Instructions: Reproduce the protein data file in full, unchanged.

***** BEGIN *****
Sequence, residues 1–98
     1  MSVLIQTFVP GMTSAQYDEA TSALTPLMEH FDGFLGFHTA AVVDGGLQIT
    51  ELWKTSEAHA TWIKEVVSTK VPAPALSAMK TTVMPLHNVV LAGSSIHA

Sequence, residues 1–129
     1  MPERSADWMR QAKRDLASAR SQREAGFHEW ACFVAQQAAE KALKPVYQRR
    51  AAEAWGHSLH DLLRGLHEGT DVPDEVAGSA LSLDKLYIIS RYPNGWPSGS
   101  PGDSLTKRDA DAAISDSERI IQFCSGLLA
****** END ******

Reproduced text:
Sequence, residues 1–98
     1  MSVLIQTFVP GMTSAQYDEA TSALTPLMEH FDGFLGFHTA AVVDGGLQIT
    51  ELWKTSEAHA TWIKEVVSTK VPAPALSAMK TTVMPLHNVV LAGSSIHA

Sequence, residues 1–129
     1  MPERSADWMR QAKRDLASAR SQREAGFHEW ACFVAQQAAE KALKPVYQRR
    51  AAEAWGHSLH DLLRGLHEGT DVPDEVAGSA LSLDKLYIIS RYPNGWPSGS
   101  PGDSLTKRDA DAAISDSERI IQFCSGLLA